This post is a contribution to the April Synchroblog: DO YOU LIVE UNDER A ROCK?As Christians we say we believe in the resurrection but sometimes it seems like we are living under a rock instead of living a resurrected life. As Easter approaches take some time to reflect on what it means to live out the resurrection. Does the resurrection make a difference in the here and now? Have you seen evidence of the resurrection in the land of the living? Would/Could resurrection life change anything/everything in the world/your community? What does it mean to practice resurrection? Join this month’s synchroblog and share your thoughts, reflections, opinions and stories as you consider the question “Do You Live Under A Rock?”
There are days when the life of Christ seems so present to me. When I see the world around me with a sharpness, when I experience a special insight, a full hope, a wonderful sense there’s so much more to this life. I want to let go all that which isn’t part of this new life. I want to press on into the life that is a resurrected life. My heart is strangely warm on days such as this. I believe. I know that the Jesus who walked out of that tomb calls me, empowers me, to walk out with him.
My trouble is that today I don’t feel like this. Today, I feel the struggle. I feel the gap between where I know I can be and where I am. I want to be someone who heals, who resonates an overflowing life, but I feel isolated, and silent, and with far too many distractions that clamor for my attention. The aroma of the tomb drifts past my nostrils and I falter. Maranatha, I cry. Our Lord, come.
Maybe that’s why I’ve been much more liturgically comfortable on Saturday rather than Sunday. That day between the cross and the resurrection fits my experiences so much more.
But the reality is that Jesus has been resurrected. This is much more than a nice religious sentiment. This is a change in reality itself. This means that my perceptions of death are not the final word, nor my experiences of frustration the end of the story. There is more. There is life.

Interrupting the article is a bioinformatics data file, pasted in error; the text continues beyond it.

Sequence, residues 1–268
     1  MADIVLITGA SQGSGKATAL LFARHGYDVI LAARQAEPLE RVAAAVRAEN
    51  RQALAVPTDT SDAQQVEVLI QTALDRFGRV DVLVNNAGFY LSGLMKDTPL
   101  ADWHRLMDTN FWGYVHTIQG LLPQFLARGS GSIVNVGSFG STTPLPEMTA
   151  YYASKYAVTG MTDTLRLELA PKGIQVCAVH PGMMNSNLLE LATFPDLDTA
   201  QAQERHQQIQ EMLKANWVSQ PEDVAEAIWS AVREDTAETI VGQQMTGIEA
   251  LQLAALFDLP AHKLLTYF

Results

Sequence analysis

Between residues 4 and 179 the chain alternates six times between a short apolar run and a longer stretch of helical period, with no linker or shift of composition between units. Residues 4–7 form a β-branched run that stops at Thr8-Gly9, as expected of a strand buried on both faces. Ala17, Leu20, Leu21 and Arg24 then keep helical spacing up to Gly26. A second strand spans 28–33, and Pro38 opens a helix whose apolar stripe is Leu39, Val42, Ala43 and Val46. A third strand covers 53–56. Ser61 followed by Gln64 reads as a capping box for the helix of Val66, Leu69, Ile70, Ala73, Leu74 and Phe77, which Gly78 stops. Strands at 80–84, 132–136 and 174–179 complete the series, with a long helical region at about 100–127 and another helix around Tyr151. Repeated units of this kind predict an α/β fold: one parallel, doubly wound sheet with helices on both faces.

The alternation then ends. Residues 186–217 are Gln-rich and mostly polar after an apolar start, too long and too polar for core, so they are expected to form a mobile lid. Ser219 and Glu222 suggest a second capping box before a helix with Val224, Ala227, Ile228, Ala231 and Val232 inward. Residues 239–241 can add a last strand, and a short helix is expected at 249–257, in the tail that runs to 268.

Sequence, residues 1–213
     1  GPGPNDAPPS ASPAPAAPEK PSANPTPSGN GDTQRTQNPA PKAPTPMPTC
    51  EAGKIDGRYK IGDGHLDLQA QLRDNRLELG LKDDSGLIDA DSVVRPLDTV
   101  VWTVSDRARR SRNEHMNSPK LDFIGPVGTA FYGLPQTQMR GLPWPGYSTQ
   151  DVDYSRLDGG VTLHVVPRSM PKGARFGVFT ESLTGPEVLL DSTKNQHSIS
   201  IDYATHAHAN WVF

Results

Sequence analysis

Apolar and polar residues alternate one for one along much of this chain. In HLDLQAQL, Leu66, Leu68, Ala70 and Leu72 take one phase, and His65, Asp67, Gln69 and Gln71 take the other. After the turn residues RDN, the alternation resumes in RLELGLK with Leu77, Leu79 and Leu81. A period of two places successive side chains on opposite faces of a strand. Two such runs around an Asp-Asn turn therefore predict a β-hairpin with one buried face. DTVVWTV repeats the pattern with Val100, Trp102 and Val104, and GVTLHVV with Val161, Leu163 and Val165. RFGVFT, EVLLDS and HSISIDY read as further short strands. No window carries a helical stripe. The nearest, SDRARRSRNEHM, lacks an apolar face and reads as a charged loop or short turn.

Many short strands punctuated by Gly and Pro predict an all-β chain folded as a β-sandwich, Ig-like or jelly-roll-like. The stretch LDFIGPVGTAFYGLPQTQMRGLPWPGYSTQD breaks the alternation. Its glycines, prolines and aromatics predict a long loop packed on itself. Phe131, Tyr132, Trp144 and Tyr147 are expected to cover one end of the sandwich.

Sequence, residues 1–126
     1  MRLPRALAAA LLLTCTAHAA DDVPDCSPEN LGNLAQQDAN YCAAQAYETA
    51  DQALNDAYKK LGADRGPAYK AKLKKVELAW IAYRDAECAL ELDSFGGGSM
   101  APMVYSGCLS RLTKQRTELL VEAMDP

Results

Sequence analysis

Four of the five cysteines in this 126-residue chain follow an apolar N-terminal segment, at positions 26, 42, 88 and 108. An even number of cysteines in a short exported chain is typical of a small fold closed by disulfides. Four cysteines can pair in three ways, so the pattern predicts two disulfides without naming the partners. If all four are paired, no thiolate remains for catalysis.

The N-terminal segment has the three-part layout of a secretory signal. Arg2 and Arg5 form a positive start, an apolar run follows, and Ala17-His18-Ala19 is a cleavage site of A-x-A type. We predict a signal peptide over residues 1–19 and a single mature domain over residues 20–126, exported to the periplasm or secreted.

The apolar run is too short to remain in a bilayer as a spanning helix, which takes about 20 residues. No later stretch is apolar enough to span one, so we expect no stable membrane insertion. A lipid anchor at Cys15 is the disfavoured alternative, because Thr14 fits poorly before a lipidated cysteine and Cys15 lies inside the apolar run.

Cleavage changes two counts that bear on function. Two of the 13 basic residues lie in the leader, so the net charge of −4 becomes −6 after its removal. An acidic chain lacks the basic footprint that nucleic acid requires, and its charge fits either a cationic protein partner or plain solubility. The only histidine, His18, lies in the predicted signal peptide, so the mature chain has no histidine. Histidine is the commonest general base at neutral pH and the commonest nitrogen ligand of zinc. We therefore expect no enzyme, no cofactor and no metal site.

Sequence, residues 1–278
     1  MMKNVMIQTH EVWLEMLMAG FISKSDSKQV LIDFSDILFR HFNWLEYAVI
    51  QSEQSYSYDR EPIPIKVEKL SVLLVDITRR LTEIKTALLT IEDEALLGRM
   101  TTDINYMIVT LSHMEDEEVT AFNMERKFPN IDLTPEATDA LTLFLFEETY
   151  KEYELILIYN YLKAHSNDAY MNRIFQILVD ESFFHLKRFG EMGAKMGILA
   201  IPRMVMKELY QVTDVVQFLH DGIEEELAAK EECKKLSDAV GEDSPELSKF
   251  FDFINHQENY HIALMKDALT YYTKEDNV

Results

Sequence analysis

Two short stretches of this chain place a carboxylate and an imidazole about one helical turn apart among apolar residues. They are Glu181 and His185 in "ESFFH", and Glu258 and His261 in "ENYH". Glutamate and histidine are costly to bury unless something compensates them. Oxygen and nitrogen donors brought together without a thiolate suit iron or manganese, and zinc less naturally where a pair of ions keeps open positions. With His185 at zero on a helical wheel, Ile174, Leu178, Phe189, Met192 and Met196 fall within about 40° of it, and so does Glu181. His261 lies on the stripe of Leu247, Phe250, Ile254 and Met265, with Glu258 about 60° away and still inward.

Even now, there is life. What was broken is now whole. What was shamed is now glorified. What was crushed now stands. What was dead is alive. In the very place hope was lost, hope is reborn.
That’s the question. It’s rude and unseemly and terribly unEastery. It’s not even a good question for Lent. In Lent we’re supposed to mourn and let go, but we’re not really supposed to dismiss.
But really, Jesus rose again. So what?
Maybe this is the core question that is at the heart why I have trouble with Lent. I’m used to giving things up. I’m used to being humbled. I’m used to being among the powerless. I’m used to not having. I’m used to dashed expectations. I don’t need to be trained how to experience lack. I don’t need to let go of yet more to learn I need Christ.
I need to see Christ walking out of the tomb that is my own life.
Jesus is resurrected. This is the issue I need to ponder because it is the reality which I struggle to see represented in my own life. This is more than a testimony, after all, right? This is something that changes reality as we know it so should have a difference in how my life progresses.
And, I think, it does. But, as a Saturday Christian, I’m still struggling to see how this resurrected life makes a living difference.
The difference, I know, is one about my identity. Do I need to fight to give myself definition? To dominate and control and try, with all my effort, to make some sort of mark in this world so that somehow, someway, there might be an echo of my existence?